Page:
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Using 6 months to study for LSAT

hurdlehopper101hurdlehopper101 Alum Member
in General 102 karma

Hi everyone! Hope everyone is doing okay during these difficult times and have all they need (or at least the capacity to get what they need). I also hope you are practicng social distancing and takign advantage of all the streaming services available!

I have decided to take a gap year to really work hard to get the score I need and want before I apply to law school. I am planning to, ideally, register for the September and/or October LSAT(s). I'll have at least 6 months to study for this exam if I use April-May to go through the core curriculum again while doing online remote learning (with a potential pass/fail transcript recording) and I will ideally start focusing on timed practice (PTs and sections) starting in June until the end of the summer and/or until I take the exam. I will be able to study full-time during the summer and potentially until I take the exam. I have not done any kind of studying since October of last year and none of the studying I have done in the last 6 months was consistent so it is safe to say I am starting from square 1, with some knwoledge of the lsat and curriculum.

I would like to get some thougths on a few things:

Reviewing core curriculum again--how do I get the most out of it?
Taking a diagnostic that is not June 2007(since I already have) but an exam that is close to the rigor of what I would expect on the more recent exams
I would like to allot at least 25-30 PTs to take under-timed conditions--- any ideas on the best batch?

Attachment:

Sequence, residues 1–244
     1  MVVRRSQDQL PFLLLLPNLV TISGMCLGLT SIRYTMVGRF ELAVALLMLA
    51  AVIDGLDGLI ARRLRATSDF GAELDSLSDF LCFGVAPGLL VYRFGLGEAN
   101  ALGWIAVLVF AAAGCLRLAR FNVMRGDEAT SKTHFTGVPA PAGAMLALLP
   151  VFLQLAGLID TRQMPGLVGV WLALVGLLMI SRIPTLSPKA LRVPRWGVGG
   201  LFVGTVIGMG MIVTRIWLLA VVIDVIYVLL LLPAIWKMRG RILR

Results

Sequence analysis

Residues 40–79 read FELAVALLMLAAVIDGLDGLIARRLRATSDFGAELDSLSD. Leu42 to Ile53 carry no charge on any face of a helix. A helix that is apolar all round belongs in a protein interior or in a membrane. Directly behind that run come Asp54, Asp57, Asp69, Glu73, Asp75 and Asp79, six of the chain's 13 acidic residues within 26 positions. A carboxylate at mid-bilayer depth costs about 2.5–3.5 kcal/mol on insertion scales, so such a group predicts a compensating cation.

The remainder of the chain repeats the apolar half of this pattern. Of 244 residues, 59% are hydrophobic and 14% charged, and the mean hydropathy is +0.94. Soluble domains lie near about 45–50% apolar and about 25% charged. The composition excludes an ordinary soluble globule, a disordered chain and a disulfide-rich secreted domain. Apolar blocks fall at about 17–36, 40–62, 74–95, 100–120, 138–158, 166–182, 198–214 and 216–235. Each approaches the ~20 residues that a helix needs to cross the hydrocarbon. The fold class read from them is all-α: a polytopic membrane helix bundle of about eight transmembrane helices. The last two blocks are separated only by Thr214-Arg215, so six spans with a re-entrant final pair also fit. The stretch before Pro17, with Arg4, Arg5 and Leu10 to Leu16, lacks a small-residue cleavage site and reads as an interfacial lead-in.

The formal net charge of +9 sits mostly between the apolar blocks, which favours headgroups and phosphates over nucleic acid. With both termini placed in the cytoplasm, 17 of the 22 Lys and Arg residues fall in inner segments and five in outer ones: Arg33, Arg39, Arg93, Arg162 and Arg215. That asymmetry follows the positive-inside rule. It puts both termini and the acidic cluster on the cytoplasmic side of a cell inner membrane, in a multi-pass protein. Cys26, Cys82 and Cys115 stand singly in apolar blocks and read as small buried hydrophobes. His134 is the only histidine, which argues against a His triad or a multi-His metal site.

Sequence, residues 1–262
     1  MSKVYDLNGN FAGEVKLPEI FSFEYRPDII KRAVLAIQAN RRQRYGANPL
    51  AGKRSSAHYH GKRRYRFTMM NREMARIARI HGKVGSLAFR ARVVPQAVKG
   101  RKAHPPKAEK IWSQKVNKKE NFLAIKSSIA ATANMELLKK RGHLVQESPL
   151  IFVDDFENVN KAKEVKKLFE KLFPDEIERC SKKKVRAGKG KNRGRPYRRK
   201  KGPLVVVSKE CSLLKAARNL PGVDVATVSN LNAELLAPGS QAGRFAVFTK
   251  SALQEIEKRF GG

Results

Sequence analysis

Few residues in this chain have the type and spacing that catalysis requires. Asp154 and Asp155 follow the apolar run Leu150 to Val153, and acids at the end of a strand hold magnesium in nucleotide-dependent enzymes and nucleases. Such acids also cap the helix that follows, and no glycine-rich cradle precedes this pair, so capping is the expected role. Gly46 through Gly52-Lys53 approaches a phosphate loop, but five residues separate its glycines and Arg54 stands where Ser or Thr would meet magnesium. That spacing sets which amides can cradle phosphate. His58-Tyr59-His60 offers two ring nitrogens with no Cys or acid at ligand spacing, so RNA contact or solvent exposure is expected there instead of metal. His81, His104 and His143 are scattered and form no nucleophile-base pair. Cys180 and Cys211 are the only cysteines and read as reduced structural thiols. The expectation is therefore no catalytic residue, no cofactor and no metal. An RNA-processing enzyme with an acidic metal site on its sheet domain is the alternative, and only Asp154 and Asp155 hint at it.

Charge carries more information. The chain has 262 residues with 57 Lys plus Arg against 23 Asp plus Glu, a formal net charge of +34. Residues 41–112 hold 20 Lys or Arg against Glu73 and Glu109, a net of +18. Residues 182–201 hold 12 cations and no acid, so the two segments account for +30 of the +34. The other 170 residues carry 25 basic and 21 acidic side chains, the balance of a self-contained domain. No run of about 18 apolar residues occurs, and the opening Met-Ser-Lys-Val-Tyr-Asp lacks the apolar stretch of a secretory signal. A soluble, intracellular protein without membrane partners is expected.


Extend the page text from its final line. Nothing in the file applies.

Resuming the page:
Foolproofing--when and for how long (this is subjective of course but please share thoughts and experiences). Obviosuly you foolproof games that you do after PTs if you did not go - 0 but outside of that, what is the best and most efficient way to foolproof The Bundle(also subjective but see above;))?
how many PTs per week when I start timed practice?
The best time to start timed practice (regardless of my timeline)?
Who has done a study plan similar to the one I am doing?
How to avoid/deal with burnout?
Anything else I should keep in mind and/or incorporate?
I am a shooting for a 165 or better and have averaged in the high 140s and low 150s in the past (fewer than ten PTs), but that may prove to be irrelevant given my time off. Anything is possible imo so please tell me how you do this--ups and downs and all if you had a similar study plan and were in a similar scoring range.


  • lsatplaylistlsatplaylist Member
    5244 karma

    RC drills can be very helpful. Same for LGs on repeat. Maybe get a ream of cheap copy paper for printing and scratch paper. Though the test is mostly digital now, it's good to get used to the scratch paper component. Burnout is very real so maybe focus on "quality over quantity" and take breaks. Also, find many sources of motivation and ignore negative comments on other forums. Never doubt that effort goes a long way. It sounds like don't worry about timing right now. It's better to work in slow increments and keep asking, in the words of an instructor, "What don't I understand?" and then don't hesitate to use the #help feature on here. Many times a forum discussion on a question, game, or passage will be just the thing to help review. And if this helps, there are ESL students, students with a lot of challenges, nontraditional students, FT workers, and veterans on here who may have struggled at first but went on to get scores that led to amazing offers. You might wish to think about volunteer work during your gap year to serve the community but also because time out from school or work gets asked about on applications.

  • lexxx745lexxx745 Alum Member Sage
    3190 karma

    Yea ignore the law school admission forums lol apparently everyone gets 170+ on there

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